Press photo from "The Sandpiper" Public domain/Wikipedia Commons
Source: Press photo from "The Sandpiper" Public domain/Wikipedia Commons

We in California have a reputation for being swingers, due in part to Hollywood and movie stars like Elizabeth Taylor. In reply to a reporter's question about whether she respected the institution of marriage, she said she respected it so much that she had said "I do" to seven husbands. And to one of them, Richard Burton, she had said it twice.

That was then; this is now. A new survey by the U.S. Census Bureau suggests that times have changed in the Golden State. Only 21 percent of us remarry following a divorce or the death of a spouse, compared with much higher rates in other states. How can that be? If anyone knows the value of marriage––married people live longer, and love can really be lovelier the second time around, as the old song goes––it should be Californians. Well, actually, some of us do, according to the survey. 

Up in Redding, for example, the remarriage rate is roughly 35%, while down in Los Angeles it's only half that much. Not to disparage Redding, but it can't be that folks there are more romantic than they are in L.A., can it? 

To be fair, many factors contribute to the marriage and divorce rates in any given community. One is that young people everywhere are marrying later than they did in earlier days. The median age for first marriage, as noted in the survey, is 29 for men and 27 for women, which is two years higher than it was in the mid-1990's. (And a lot higher than it was in the mid-1950's, when any girl who wasn't married by the age of 21 was on her way to becoming an Old Maid!  I narrowly avoided that dreaded moniker by marrying at age 20.)  

Another factor––and a very big one––in the marriage and divorce rate in this country is the baby boomer population. They seem to be marrying, divorcing, and remarrying far more than either the generation before or after theirs. In other words, more than their parents or their kids.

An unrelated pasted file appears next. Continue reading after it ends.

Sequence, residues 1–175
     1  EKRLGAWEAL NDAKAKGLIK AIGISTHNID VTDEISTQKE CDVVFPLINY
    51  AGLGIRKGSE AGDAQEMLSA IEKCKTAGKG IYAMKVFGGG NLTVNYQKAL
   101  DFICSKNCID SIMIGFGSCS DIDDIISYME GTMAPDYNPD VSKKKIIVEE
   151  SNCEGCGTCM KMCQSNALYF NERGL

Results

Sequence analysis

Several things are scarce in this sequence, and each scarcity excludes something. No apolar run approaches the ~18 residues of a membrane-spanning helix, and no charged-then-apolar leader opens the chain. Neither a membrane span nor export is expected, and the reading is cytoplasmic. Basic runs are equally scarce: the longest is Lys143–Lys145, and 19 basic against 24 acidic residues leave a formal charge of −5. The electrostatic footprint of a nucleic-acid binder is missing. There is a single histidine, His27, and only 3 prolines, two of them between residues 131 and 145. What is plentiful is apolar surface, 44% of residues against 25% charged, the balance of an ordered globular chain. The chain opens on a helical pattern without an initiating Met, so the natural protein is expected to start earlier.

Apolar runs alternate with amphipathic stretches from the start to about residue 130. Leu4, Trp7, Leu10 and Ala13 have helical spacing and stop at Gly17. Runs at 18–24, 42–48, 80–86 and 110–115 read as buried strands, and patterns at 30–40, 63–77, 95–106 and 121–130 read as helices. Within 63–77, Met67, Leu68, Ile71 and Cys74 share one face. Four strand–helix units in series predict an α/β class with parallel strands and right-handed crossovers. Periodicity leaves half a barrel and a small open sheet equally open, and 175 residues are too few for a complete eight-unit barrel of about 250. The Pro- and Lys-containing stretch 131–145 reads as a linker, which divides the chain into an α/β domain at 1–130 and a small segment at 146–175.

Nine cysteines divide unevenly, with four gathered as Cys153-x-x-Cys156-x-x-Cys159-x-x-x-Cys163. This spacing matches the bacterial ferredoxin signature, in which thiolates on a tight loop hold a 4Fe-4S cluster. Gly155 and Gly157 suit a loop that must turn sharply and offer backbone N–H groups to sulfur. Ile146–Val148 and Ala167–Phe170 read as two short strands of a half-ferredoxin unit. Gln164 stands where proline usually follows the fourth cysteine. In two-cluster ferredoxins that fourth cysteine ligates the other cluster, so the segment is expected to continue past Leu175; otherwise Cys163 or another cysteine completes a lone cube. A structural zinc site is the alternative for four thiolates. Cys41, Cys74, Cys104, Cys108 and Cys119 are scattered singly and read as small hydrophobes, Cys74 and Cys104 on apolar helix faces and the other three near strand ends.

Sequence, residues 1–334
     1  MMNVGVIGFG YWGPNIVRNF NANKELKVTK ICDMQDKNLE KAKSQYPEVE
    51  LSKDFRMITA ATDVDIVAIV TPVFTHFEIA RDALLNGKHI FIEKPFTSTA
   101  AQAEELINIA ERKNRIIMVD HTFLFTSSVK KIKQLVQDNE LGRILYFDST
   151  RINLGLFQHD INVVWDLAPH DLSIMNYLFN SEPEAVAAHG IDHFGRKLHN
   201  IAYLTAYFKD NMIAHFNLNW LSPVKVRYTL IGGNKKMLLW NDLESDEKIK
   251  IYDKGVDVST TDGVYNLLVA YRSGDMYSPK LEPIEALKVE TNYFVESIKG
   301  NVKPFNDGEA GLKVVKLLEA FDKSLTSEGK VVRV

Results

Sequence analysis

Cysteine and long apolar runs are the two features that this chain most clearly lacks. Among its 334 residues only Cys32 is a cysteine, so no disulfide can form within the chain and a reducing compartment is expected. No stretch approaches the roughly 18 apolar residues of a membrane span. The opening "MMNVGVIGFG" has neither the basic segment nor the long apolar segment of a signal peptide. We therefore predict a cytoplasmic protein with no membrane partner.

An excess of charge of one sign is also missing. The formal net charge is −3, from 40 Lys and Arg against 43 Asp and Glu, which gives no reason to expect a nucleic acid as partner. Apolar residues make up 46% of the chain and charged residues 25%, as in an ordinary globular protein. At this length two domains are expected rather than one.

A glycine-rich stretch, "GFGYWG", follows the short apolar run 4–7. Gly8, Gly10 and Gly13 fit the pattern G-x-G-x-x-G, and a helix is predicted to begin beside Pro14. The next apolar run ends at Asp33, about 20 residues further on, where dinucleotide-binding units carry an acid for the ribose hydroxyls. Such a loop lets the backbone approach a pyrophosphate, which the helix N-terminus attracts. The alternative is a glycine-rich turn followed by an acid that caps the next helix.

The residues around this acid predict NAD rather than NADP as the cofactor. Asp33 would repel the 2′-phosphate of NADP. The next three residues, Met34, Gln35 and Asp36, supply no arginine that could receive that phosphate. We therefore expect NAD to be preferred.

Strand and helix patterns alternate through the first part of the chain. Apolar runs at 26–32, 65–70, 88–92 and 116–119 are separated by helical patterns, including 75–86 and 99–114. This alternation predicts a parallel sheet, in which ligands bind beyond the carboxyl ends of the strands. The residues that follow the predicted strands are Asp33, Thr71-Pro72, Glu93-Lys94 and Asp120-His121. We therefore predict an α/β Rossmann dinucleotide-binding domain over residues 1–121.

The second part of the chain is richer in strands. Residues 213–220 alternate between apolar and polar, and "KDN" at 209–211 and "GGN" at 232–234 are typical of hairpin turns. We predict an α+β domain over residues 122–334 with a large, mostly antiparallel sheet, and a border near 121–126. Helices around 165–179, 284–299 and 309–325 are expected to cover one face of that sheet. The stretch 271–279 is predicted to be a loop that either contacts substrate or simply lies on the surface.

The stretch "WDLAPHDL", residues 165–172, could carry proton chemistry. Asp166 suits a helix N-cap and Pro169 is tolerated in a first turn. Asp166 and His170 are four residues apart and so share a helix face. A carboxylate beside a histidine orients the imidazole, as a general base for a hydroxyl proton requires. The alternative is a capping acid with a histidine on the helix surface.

Then there are the geographical differences in remarriage, from state to state. Arkansas leads the pack there, not only in second marriages, but in third as well, with about 35% of the population of ever-married people making at least one more trip to the altar. We might speculate that's because folks marry younger in rural areas. The Northeastern states had lower remarriage rates than Southern states, on the whole. (Warmer weather, warmer hearts, perhaps?)

But back to California, where the remarriage rates were similar to those in New York and Massachusetts, with about 21% of the population remarrying. And that makes us the lowest rate in the West, incidentally. 

So far, so good, but I am left wondering about the never-marrieds, which this particular Census Bureau survey does not include. Many people today (even in Hollywood, or should I say especially in Hollywood?) are not saying "I do" at all. Not even once. 

About the Author

EE Smith

E. E. Smith is a playwright and book author. Her new series of murder mysteries debuted in 2013. The first is titled Death by Misadventure. 

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